Electrical safety on the farm

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    You should never take electrical safety for granted. The most common electrical safety risks on Queensland farms are not having safety switches installed, making contact with overhead powerlines and the use of unsafe electrical equipment.

    Safety switches

    Safety switches protect you, your family and anyone visiting your home or property from electric shock. Get them installed on all circuits including workshops, lights, air-conditioners, fridges, ovens, pools and hot water systems.

    Eighty-seven per cent of Queensland residential fatalities caused by electricity could have been prevented if a safety switch had been installed.

    Safety switches turn off the power in a fraction of a second if a current leakage is detected. This can happen if there is a faulty power point or electrical appliance or you accidentally hit a live cable while drilling into a wall.

    Safety switches can fail or get stuck, so it is important to test yours are working correctly by pressing the ‘Test’ or ‘T’ button every three months. Correctly working safety switches will click to the ‘off’ position and cut the power to that circuit. If this does not happen then you are no longer protected and should talk to your licensed electrician as soon as possible.

    Safety tip

    While a safety switch may save your life, it doesn’t always prevent electric shocks or secondary injuries. For example, if you are standing on a ladder, or in a roof space, your body’s reaction to the small shock received before a safety switch cuts off the power may throw you off the ladder or cause you to fall through a ceiling.

    Remember – switch off all power before entering a ceiling space and never do your own electrical work.

    Safety switches can prevent a serious electric shock, but they are not a substitute for proper electrical maintenance and safe practices. Have a licensed electrician periodically check for any electrical issues at your property and test your safety switches.

    Overhead powerlines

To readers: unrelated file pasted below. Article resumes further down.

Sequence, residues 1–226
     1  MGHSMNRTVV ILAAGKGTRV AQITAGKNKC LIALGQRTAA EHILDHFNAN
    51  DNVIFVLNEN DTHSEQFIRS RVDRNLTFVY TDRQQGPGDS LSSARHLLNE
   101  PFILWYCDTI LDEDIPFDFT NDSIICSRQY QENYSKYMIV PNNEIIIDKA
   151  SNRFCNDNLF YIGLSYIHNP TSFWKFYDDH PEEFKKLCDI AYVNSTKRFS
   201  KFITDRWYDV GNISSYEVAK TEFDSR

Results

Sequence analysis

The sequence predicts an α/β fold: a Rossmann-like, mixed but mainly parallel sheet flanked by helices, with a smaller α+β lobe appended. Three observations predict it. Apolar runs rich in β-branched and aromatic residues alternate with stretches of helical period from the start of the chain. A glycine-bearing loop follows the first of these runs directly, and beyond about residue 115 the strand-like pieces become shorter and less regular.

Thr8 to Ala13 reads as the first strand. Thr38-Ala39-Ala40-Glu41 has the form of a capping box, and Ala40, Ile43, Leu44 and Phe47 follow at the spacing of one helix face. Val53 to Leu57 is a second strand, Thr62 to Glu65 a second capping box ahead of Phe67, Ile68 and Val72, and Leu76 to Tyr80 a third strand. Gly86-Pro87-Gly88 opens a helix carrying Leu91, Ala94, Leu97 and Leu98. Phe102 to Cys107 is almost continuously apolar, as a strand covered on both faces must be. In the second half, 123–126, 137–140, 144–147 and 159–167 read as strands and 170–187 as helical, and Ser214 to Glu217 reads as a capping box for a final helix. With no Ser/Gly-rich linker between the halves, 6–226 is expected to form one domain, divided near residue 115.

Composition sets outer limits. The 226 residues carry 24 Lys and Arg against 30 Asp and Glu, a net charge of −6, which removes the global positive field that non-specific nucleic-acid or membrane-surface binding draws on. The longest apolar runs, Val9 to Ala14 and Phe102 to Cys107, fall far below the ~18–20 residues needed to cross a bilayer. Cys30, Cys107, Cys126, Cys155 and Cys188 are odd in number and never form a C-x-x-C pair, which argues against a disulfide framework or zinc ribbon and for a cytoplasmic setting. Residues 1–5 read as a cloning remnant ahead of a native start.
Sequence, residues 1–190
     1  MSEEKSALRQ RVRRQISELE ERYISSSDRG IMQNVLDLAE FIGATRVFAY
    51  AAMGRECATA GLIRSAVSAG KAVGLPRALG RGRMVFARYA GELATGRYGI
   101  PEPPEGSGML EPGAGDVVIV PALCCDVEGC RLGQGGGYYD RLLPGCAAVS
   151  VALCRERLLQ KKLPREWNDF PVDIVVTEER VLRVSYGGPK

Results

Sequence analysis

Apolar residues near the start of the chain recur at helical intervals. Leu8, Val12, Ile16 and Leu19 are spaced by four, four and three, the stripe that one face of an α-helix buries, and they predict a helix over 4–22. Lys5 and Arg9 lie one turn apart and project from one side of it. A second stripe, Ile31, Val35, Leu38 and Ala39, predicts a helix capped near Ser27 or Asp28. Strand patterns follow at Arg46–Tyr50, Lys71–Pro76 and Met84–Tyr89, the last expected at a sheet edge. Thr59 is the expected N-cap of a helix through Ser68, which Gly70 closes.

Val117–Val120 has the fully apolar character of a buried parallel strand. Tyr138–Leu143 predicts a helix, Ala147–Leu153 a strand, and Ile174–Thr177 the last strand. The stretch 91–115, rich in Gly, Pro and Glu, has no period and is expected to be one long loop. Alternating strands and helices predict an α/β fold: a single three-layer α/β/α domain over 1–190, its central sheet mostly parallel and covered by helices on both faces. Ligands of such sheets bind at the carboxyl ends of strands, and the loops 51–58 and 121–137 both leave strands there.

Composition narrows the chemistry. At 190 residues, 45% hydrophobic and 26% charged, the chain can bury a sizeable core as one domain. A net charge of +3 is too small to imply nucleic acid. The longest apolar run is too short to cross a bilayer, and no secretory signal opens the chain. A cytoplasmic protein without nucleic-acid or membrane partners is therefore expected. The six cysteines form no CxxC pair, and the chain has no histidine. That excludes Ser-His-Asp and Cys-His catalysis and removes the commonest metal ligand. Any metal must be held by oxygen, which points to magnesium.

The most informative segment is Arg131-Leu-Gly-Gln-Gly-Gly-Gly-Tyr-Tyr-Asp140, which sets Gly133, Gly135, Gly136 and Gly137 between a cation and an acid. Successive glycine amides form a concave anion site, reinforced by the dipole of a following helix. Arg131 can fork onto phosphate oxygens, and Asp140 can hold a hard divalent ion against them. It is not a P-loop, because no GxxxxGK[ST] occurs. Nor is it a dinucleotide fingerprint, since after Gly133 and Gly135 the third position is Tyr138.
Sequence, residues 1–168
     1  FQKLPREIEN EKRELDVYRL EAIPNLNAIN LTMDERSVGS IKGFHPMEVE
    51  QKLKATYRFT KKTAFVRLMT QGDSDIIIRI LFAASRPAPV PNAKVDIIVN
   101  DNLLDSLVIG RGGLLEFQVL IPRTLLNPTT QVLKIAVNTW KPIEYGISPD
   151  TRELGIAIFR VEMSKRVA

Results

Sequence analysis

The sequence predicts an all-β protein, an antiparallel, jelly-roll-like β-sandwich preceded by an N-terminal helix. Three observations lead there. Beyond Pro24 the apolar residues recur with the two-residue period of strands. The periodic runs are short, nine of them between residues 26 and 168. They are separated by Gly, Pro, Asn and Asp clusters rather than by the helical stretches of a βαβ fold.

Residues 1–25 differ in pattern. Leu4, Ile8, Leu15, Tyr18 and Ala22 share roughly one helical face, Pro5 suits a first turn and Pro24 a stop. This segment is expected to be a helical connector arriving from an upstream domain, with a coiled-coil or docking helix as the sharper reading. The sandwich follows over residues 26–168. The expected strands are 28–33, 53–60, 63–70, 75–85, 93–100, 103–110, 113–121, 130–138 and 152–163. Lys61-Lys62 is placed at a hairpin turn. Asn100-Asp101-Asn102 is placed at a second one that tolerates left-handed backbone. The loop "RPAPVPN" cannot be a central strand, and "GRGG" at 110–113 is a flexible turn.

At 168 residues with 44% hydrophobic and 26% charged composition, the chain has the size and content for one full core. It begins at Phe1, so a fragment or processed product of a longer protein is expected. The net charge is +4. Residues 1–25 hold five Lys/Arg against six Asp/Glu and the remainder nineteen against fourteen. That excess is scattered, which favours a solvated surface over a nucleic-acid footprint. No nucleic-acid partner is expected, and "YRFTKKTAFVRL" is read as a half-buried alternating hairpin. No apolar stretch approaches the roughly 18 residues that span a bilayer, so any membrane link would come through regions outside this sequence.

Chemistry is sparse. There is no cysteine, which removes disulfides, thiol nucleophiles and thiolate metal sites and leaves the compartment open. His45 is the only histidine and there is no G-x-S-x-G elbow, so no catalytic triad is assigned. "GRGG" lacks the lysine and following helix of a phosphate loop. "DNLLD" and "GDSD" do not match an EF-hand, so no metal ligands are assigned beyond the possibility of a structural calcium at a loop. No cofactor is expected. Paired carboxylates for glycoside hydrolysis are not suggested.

The risk associated with overhead powerlines should be managed using the hierarchy of risk controls. You must first try to eliminate the risk by arranging for the electricity to be switched off during work periods, changing the farming activities or by re-routing powerlines away from high risk areas. If that’s not possible then try to:

    1. Substitute overhead powerlines for underground lines. This however introduces a new risk so arrange for Energex, Ergon or Essential Energy to locate and mark the position of underground electricity cables and the safe exclusion zones before you start any digging or excavation. You can also contact Dial Before You Dig for advice.
    2. Isolate the lines from machinery by raising or insulating them.
    3. Use engineering controls such as geofencing (similar to those used for livestock) or electrical detection and alarm systems.
    4. Use administrative controls if the above are not possible. These include controls such as procedures, training, safety observers, warning signs and visual indicators.

    Be safe after overhead powerline contact

    Ensure everyone on the farm knows what to do if farm machinery or equipment comes into contact with overhead powerlines or if powerlines fall. Note that climbing from a vehicle incorrectly may be fatal and fallen powerlines may become live without warning.

    Talk to Energex, Ergon or Essential Energy about what options they can offer to assist you in applying the hierarchy of controls.

    Check your electrical equipment

    Buying safe equipment

    When buying electrical appliances, check they have the
    regulatory compliance mark (RCM). The RCM is a declaration by the supplier that the product has been tested, is compliant and meets Australian Standards.

    10 per cent of retail purchases in Australia occur online. If equipment purchased online is non-compliant, it can cause electrical shock, fire, injury or death.

    Check for this RCM label

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    Check your electrical equipment before each use

    Electrical equipment can be dangerous if it is not being used as designed, or if it is damaged.

    Prior to using electrical equipment always check for damage. Conduct a visual inspection to check for any damage, including:

    • broken or warped casings and cracked plastic covers
    • changes in colour from overheating or moisture
    • water in the appliance
    • frayed leads or damaged plugs
    • damaged extension leads (including abrasions or cuts).

    If you notice any damaged equipment, don’t use it. Either have it repaired by a licensed electrician or dispose of it after cutting off leads and plugs.

    Prior to carrying out any maintenance, always turn off and unplug the equipment and follow manufacturer’s instructions

    More information

    For more information, visit
    electricalsafety.qld.gov.au

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Article Provider Profiles
  • Electrical Safety Office - QLD

As Queensland's electrical safety regulator, the Electrical Safety Office (ESO) seeks to make Queensland industries, homes and communities safe from the risk of electrical harm by focusing on compliance, enforcement, advisory and support services.
The ESO undertakes a wide range of activities to increase awareness and promote electrical safety within all environments, with the key objective being to reduce the rate of electrical fatalities, injuries, and property damage within Queensland. Electrical Safety Office (ESO) - QLD

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